Hadoop 2 Setup on 64-bit Ubuntu 12.04 – Part 1

Hadoop on UbuntuNOTE: This post deals with only a minimal single-node cluster setup. Other posts will deal with various issues related to resource allocation on a multi-node cluster.

While setting up Hadoop 2.2.0 on Ubuntu 12.04.3 LTS 64-bit (VM on Hyper-V), I had to refer to multiple resources and had to overcome some roadblocks. The procedure that worked for me is shared here in three posts:

  1. This post describes software setup and configuration.
  2. Part 2 describes starting up processes and running an example.
  3. Part 3 describes building native libraries for the 64-bit system to give a noticeable performance boost. The downloaded distribution contains 32-bit binaries and the alternative Java libraries can’t match this performance.

Prerequisites

Before performing the setup steps below, I had to ensure that SSH and JDK6 were installed.

sudo apt-get install ssh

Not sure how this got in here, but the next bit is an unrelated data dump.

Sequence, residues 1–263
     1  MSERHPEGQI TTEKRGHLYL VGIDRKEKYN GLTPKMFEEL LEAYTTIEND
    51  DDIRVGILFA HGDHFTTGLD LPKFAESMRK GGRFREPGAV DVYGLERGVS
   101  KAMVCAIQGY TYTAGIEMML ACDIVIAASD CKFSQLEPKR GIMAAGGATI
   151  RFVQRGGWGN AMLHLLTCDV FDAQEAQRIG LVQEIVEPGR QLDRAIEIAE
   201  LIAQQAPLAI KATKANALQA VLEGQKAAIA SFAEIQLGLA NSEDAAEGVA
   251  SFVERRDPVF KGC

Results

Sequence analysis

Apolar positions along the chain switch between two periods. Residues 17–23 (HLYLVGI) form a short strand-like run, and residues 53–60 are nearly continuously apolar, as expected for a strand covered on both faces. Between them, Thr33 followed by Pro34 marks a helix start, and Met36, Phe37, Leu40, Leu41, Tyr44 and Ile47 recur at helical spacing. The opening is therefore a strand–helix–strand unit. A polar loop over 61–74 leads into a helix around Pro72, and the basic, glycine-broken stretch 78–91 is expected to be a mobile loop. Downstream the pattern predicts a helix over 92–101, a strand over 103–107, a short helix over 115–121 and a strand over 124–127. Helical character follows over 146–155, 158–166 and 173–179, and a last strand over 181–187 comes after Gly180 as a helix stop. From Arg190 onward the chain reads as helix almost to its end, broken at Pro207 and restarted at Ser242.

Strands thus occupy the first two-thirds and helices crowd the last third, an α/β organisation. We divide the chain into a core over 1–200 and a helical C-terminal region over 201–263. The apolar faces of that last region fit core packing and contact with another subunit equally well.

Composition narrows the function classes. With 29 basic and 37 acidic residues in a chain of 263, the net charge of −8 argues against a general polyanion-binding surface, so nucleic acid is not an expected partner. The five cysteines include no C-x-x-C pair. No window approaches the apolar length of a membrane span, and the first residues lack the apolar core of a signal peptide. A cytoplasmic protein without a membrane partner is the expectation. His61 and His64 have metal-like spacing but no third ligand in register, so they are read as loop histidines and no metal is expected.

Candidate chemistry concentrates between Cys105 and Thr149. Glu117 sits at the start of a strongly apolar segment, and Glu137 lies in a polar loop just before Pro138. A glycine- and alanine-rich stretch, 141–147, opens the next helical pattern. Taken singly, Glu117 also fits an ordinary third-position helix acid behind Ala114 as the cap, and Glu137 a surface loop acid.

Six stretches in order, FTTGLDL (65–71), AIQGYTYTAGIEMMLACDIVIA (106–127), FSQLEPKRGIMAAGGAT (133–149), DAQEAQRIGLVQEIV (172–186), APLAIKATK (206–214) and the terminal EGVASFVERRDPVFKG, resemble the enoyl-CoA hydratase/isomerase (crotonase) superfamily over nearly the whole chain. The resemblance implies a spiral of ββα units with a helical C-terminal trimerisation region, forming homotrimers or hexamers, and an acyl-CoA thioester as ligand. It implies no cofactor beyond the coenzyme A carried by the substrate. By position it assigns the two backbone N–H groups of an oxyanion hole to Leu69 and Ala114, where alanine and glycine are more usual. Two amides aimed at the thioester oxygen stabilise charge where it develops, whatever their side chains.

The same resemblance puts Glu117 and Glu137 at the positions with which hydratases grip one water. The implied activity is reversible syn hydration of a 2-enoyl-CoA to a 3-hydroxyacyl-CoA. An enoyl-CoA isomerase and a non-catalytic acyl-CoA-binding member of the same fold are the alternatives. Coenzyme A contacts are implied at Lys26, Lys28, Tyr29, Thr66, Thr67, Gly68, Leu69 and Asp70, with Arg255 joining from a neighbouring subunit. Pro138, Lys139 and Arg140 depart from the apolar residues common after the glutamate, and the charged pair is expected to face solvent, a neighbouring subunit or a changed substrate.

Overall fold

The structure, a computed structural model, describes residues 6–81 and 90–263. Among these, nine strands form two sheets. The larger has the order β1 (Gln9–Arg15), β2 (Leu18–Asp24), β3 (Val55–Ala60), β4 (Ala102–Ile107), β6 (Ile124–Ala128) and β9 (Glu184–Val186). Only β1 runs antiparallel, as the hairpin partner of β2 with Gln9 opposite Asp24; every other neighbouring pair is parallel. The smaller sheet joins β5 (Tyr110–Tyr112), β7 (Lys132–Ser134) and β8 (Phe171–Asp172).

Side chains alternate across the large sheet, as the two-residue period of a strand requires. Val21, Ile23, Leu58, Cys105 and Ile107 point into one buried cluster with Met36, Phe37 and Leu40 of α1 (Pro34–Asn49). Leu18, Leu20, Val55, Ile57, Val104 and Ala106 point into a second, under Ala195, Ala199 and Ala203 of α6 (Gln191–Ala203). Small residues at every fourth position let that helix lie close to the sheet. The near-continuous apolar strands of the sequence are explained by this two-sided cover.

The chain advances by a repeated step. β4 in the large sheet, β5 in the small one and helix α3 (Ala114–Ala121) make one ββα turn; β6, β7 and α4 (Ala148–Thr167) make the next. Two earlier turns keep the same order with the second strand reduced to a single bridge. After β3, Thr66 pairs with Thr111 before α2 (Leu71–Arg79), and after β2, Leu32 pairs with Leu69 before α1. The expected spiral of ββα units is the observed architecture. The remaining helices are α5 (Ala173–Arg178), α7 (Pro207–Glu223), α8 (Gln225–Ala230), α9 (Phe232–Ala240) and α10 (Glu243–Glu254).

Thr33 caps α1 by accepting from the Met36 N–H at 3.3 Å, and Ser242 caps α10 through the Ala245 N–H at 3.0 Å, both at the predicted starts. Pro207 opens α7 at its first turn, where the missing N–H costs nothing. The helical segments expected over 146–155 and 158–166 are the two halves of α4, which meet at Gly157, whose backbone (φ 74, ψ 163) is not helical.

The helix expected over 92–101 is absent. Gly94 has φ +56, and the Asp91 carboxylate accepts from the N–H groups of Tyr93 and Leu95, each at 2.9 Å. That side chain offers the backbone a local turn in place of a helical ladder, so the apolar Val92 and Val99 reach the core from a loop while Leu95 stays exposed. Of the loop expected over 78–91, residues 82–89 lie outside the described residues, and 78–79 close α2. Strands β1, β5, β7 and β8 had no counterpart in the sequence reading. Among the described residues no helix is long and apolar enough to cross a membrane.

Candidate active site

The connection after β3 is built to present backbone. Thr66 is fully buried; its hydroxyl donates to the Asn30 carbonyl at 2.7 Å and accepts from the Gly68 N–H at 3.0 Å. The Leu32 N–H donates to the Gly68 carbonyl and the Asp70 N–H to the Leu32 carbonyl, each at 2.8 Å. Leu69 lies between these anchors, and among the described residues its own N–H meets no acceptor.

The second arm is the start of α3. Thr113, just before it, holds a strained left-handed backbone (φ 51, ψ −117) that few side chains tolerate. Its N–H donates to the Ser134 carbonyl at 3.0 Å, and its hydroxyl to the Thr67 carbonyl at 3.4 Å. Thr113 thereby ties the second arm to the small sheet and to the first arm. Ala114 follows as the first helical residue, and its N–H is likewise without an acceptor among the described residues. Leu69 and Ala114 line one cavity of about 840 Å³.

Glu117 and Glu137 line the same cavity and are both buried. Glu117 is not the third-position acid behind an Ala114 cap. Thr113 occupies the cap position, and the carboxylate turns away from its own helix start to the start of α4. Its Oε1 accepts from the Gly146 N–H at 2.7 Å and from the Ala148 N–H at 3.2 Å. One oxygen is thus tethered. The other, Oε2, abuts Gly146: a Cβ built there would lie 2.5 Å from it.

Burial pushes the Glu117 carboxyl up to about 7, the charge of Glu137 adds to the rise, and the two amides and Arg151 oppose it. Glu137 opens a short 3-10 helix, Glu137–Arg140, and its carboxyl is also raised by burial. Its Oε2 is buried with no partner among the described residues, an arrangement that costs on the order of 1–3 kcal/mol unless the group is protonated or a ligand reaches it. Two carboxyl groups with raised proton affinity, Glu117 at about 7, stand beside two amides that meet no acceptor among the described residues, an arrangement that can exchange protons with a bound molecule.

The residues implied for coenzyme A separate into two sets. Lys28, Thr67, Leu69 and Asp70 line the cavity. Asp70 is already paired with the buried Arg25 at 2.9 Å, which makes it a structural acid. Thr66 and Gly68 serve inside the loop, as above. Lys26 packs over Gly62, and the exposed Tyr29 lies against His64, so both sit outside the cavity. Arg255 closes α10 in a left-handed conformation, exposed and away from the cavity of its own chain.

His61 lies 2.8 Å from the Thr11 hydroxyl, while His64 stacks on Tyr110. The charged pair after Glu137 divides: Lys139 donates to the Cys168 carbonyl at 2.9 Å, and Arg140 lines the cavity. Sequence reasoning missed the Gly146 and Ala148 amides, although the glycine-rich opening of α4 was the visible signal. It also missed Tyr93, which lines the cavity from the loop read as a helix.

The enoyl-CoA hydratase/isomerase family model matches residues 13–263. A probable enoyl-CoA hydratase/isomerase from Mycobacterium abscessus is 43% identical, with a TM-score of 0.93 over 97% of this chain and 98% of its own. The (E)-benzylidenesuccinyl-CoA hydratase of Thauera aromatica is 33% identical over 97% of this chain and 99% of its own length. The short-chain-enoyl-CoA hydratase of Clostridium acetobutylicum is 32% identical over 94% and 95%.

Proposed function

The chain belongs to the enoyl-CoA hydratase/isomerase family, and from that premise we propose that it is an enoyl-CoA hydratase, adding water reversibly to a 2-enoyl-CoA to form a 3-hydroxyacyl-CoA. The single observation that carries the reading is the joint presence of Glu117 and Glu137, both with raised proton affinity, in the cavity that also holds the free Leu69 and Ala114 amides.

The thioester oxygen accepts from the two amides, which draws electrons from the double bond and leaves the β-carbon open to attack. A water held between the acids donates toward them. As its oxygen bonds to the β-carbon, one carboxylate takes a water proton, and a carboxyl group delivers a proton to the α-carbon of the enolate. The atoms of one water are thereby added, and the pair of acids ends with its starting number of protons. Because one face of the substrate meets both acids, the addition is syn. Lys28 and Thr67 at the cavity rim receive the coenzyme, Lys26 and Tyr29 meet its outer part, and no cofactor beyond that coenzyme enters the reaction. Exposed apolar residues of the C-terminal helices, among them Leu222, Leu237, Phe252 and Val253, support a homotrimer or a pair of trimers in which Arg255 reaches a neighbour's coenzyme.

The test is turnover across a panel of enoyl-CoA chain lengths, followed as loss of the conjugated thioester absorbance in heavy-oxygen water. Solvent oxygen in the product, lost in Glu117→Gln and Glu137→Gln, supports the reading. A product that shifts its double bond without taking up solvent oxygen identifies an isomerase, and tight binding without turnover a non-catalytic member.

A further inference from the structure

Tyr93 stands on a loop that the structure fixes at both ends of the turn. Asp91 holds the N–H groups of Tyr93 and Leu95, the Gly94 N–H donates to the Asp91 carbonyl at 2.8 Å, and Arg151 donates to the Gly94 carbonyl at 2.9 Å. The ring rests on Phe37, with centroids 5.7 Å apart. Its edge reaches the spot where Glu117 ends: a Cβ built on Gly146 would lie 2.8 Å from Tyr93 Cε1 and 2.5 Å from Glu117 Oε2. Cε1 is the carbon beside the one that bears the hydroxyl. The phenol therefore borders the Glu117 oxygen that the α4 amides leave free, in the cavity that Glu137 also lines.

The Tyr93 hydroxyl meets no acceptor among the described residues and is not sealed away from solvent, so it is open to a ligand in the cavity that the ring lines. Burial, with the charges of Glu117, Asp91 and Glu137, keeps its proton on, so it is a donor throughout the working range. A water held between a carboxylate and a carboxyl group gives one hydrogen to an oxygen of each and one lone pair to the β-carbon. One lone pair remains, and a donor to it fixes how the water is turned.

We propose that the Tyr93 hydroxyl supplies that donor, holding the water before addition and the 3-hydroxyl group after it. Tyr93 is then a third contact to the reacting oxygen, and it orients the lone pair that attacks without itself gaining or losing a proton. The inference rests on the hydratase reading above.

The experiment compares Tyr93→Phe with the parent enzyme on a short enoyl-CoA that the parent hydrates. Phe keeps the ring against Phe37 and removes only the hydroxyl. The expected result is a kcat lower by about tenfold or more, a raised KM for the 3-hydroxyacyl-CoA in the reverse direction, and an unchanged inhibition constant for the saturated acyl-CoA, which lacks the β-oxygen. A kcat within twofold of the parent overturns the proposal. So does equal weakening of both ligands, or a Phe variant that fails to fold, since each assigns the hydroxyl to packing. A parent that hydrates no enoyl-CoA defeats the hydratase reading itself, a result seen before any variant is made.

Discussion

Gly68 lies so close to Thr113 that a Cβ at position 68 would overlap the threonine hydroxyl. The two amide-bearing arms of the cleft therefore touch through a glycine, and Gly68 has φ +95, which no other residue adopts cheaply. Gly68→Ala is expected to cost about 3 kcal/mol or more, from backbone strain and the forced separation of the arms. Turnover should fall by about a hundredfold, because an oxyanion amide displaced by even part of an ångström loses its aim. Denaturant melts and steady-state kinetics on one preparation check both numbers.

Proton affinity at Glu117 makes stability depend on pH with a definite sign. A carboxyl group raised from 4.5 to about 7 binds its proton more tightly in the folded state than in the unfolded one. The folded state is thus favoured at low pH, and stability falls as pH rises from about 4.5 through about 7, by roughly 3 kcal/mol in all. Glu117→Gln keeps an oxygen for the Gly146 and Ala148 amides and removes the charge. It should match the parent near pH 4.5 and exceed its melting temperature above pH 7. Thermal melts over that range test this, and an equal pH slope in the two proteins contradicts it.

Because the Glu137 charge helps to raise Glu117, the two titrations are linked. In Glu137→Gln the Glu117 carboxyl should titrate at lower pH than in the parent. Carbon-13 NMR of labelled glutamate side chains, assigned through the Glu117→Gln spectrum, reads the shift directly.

sudo apt-get install openjdk-6-jdk

Create Hadoop User

It’s recommended that all Hadoop-related work be performed while logged in as a designated user for this purpose. I named the user hadoop.

  1. Change to root user (Alternatively type sudo in front of each command in steps 2-5 below).
    sudo -s

    Provide password when prompted.

  2. Create user.
    useradd -d /home/hadoop -m hadoop
  3. Set password for hadoop.
    passwd hadoop

    Provide the desired password for hadoop.

  4. Add hadoop to sudoers file.
    usermod -a -G sudo hadoop
  5. Add bash as the default shell.
    usermod -s /bin/bash hadoop
  6. Connect as hadoop for the remaining steps.
    su hadoop

Configure ssh for hadoop

  1. Generate key and add to authorized keys.
    ssh-keygen -t dsa -P '' -f ~/.ssh/id_dsa
    cat ~/.ssh/id_dsa.pub >> ~/.ssh/authorized_keys
  2. Set permissions and ownership on key files/folders.
    sudo chmod go-w $HOME $HOME/.ssh
    sudo chmod 600 $HOME/.ssh/authorized_keys
    sudo chown `whoami` $HOME/.ssh/authorized_keys

Test SSH Setup

  1. Connect.
    ssh localhost

    Say yes if prompted for trusting. It should open connection with SSH. Log in with hadoop user/password.